RF: Firstly, I would point out that the trips, as you call them, are expeditions which are designed to educate people about the sharks and to give them an insight into the behaviour and beauty of these superb animals. People like the tingling excitement of fear which they may experience when they are in the cage, but this only enforces their appreciation of just who and what these animals are. You can see and appreciate the great white sharks by watching the television, but it is only by being there and experiencing the awe and magnificence of these apex predators that you can fully appreciate the animal. The expedition has been thought through and designed to educate the general public, and we are confident that we fulfil this brief exceptionally well. The finest ambassadors for the great white sharks, all over the world, are those who have taken part in one or more of our expeditions. These expeditions are not for those people who just want to “tick the box” and then move on. If you want a real life experience, then you have to be there and be a consummate part of it. Rather than just dip people in the water on a day trip, you actually get time to spend at the Neptune Islands, over several days, and hence you get to properly experience it.

N&C: You also bait the sharks; does that not endorse the fact that humans equal food in the sharks’ minds?

RF: Without the bait, there are no sharks for the people on the expedition to encounter. We do not feed the sharks, but rather use a constant flow of fish blood into the water, and sometimes use large pieces of fish on the end of the line to attract the sharks closer to the boat. It is very rare that the shark catches us unawares and takes the piece of fish. The sharks still need to actively hunt to be able to survive.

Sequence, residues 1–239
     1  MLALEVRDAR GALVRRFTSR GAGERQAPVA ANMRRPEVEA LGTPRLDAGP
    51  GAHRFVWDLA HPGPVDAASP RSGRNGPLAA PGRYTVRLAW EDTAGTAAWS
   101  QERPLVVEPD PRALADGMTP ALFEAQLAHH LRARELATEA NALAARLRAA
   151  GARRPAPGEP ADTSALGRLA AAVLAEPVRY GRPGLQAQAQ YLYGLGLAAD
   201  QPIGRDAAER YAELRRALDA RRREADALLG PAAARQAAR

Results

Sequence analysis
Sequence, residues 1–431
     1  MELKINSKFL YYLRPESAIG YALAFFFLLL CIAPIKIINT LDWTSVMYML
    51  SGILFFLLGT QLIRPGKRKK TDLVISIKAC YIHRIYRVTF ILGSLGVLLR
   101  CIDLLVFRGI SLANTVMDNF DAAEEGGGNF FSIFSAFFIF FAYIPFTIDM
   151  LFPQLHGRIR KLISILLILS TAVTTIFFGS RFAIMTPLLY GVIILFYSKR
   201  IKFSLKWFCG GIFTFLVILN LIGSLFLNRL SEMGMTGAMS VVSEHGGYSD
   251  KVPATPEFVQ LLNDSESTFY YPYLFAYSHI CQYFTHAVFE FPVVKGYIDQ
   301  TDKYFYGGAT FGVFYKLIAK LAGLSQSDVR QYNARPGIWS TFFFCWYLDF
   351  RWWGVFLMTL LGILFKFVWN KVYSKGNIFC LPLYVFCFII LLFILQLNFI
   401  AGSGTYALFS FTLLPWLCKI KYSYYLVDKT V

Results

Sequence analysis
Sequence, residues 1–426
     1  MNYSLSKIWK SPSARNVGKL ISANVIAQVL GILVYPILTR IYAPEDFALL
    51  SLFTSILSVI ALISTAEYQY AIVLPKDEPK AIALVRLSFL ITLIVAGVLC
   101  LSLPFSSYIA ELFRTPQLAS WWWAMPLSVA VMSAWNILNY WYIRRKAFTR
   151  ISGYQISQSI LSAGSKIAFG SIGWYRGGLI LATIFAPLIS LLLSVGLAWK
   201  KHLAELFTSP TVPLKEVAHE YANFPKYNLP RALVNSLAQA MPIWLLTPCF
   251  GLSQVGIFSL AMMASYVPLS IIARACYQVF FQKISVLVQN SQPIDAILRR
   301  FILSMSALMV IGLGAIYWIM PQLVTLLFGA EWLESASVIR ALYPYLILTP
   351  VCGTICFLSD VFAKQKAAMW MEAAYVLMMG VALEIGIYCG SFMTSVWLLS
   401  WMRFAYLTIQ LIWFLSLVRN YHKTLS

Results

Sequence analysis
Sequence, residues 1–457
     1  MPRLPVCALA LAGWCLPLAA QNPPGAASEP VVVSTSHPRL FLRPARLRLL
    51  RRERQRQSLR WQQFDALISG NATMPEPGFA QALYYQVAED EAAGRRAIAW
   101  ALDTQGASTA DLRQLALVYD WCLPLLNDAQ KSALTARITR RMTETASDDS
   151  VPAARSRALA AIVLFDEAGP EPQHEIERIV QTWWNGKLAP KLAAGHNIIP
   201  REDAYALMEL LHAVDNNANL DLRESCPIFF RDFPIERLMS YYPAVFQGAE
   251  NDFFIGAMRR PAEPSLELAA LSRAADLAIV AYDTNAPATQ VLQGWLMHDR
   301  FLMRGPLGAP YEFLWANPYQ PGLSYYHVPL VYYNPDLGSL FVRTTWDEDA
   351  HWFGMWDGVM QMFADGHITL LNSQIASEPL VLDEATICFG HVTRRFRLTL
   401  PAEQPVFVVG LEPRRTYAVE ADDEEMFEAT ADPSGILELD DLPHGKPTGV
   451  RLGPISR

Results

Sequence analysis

N&C: What is the Rodney Fox Foundation?

RF: Many people’s perception of sharks is of an evil wanton killer. The word “shark” itself has become one that is right up there with “Devil”, but more recently we have seen huge numbers of people in the waters of Australia rallying against the government’s cull of the great white sharks, and I believe the tide is turning. When we set up the foundation it was a means to help cover the costs of the research into and promotion of a better image of the Great White Shark. Our guests are paying towards the foundation for various reasons, but mostly it is used to support our research. There are various levels of sponsorship and Andrew, my son, is currently reworking the way in which we do this. Andrew is now undoubtedly the most knowledgeable person in the world on all things great white. He took over from me 15 years ago and I can safely say that he has seen more great white sharks than anyone else, anywhere.

We are very lucky indeed, as our next stop was on a tour with Rodney and Kay’s son Andrew Fox out to the Neptune Islands to experience the South Australian Great White Sharks for ourselves. Before we left, however, we asked Rodney to sign our copy of his book. His dedication to us made us very proud and it began with “to another adventurist couple”.  We can only hope to follow in some of their pioneering footsteps and achieve a fraction of what this very special couple have done!

To read more about Rodney’s marine adventures, grab a copy of his book “Sharks, the Sea and Me”.

To find out more about Rodney Fox visit

To find out more about Nick and Caroline visit